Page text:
Lidia Perez
55,881 supporters
Started 1 week ago

Petition to Edmund G. Brown Jr.

Please Grant Commutation for Incarcerated Survivor Rae Harris!

Rae Harris is a transgender survivor who has been incarcerated in California for over 20 years. In an example of the extreme and disproportionate sentencing of trans people of color, Rae was sentenced to two life without parole sentences and two 25-to-life sentences in 1998 for “conspiring to commit” two murders that he did not commit. Rae is a survivor of childhood sexual abuse and he was in a psychologically abusive relationship at the time of his arrest, a key context for his conviction. At 23 years old, Rae did not take the stand to testify at his own trial because he had no faith that he would be believed. Based on how he was treated pre-trial, he was convinced that no police officer, prosecutor, juror or judge would care that he was not at the scene of either death, or that he was trying to protect his mother from harm. Rae also suffered from an inadequate legal defense. His paid attorney practiced civil, not criminal law and had never tried a murder case. As an example, he hired his 17-year-old son to investigate Rae’s case. After he lost Rae’s case, he did not even attempt to collect the rest of the funds from the family (over $20,000), indicating that on some level he knew he failed to defend Rae’s life. After 20 years in prison, Rae is now 44 years old. He is well-respected as a leader by his imprisoned community and staff alike. Among his many accomplishments, he founded Peace Day and Peace Games in 2007. He came up with the idea after incidents of racialized violence in the prison and successfully brought communities together to build networks of solidarity and care. Rae is a Certified Mediator and he works daily to decrease violence, reduce the harms of imprisonment, and support his peers. Currently Rae serves his community as the first trans Chairperson of the Inmate Advisory Council (the prison’s elected, representative body of incarcerated people), a Domestic Violence Program Facilitator, and a mentor to incoming youth, all of which he truly enjoys. In Rae’s own words: “To be sentenced to death by incarceration wiped my hope with the sound of the gavel. Fortunately my spirit to survive surpassed the lost hope that was trying to be embedded in my heart by a hammer and robe. Now that there is hope amongst the community of people serving life without parole (LWOP), I feel like it took that gavel for me to rebel against its hopeless intention to ultimately prepare me for freedom. I humbly ask for your support with my freedom and continue hoping for a living chance for all people serving death by incarceration.” Please join us in asking Governor Jerry Brown to commute Rae Harris’ sentence from life without parole to a parole-eligible sentence.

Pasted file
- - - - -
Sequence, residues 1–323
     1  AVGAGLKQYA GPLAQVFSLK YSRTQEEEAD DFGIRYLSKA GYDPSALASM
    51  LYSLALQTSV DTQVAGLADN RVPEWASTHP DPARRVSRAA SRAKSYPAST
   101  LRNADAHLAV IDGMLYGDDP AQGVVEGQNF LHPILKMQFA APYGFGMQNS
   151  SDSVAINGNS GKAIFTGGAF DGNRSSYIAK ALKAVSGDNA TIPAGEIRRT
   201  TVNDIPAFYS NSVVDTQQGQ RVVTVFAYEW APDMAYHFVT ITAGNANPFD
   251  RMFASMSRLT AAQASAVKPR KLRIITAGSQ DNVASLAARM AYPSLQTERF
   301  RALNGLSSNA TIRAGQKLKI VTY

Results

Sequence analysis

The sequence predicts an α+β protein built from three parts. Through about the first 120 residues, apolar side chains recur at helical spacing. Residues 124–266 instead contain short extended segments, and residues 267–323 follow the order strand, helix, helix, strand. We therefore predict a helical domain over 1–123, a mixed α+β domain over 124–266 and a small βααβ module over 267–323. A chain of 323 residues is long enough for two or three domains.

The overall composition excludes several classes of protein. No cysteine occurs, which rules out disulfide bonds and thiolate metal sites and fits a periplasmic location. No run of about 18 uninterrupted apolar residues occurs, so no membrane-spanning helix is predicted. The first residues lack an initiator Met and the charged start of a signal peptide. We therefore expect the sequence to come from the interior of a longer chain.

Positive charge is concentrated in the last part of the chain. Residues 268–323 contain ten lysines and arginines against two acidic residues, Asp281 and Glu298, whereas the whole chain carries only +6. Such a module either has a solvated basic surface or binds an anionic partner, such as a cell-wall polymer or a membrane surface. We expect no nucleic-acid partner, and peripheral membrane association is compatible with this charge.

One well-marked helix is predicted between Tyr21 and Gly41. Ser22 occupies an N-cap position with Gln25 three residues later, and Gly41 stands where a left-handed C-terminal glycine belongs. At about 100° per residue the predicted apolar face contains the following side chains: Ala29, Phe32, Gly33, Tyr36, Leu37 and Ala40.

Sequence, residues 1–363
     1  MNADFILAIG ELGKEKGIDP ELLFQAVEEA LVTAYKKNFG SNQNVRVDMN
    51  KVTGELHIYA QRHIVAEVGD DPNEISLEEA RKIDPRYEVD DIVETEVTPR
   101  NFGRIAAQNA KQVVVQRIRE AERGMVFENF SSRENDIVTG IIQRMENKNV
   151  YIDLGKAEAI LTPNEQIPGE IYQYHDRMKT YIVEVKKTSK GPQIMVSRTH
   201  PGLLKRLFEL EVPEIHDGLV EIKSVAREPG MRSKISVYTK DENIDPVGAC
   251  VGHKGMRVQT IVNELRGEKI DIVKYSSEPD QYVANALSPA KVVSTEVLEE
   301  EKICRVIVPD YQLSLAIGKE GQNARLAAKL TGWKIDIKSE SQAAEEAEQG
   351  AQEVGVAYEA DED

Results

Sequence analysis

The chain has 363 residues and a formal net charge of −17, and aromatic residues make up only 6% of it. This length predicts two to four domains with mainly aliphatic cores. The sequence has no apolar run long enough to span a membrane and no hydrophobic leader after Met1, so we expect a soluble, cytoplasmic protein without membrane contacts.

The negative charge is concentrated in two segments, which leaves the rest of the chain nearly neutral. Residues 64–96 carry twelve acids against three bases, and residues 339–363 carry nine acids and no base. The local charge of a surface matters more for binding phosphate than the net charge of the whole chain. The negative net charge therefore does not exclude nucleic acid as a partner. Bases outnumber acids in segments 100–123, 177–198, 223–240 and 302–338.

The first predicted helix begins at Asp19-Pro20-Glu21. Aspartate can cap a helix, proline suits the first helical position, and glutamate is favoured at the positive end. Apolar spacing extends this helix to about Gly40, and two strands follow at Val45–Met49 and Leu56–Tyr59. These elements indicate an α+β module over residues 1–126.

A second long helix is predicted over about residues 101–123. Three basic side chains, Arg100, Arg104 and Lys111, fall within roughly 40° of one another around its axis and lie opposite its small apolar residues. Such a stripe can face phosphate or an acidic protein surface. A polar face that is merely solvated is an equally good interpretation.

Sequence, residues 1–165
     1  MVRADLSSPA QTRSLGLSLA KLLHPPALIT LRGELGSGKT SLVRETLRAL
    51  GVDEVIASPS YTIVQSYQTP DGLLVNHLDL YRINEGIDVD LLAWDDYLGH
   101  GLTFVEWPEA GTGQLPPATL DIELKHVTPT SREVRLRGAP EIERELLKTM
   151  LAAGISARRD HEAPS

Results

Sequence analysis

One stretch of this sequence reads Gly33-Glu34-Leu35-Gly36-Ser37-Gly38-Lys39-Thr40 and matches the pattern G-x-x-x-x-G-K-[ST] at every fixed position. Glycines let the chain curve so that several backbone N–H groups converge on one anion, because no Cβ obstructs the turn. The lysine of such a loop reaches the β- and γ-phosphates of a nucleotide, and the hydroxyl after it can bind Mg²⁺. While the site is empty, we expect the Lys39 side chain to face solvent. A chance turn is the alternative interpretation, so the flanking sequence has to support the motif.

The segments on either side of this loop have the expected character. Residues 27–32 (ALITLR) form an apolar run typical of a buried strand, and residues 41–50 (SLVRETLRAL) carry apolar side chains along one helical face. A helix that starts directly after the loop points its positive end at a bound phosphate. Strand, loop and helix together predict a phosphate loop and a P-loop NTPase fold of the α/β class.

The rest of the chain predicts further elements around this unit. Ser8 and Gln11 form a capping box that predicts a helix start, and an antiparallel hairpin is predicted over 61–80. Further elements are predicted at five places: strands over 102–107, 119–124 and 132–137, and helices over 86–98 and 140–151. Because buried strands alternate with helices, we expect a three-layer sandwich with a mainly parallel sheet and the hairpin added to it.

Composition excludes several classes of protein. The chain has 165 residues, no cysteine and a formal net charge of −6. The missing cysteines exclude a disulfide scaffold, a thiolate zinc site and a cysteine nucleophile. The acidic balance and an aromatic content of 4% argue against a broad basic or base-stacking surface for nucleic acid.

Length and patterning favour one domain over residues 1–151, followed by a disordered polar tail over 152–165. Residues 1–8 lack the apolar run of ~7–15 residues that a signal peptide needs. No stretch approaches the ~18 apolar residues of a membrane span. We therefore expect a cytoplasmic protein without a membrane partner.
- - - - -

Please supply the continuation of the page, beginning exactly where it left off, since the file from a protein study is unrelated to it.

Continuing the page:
Survived & Punished
219 supporters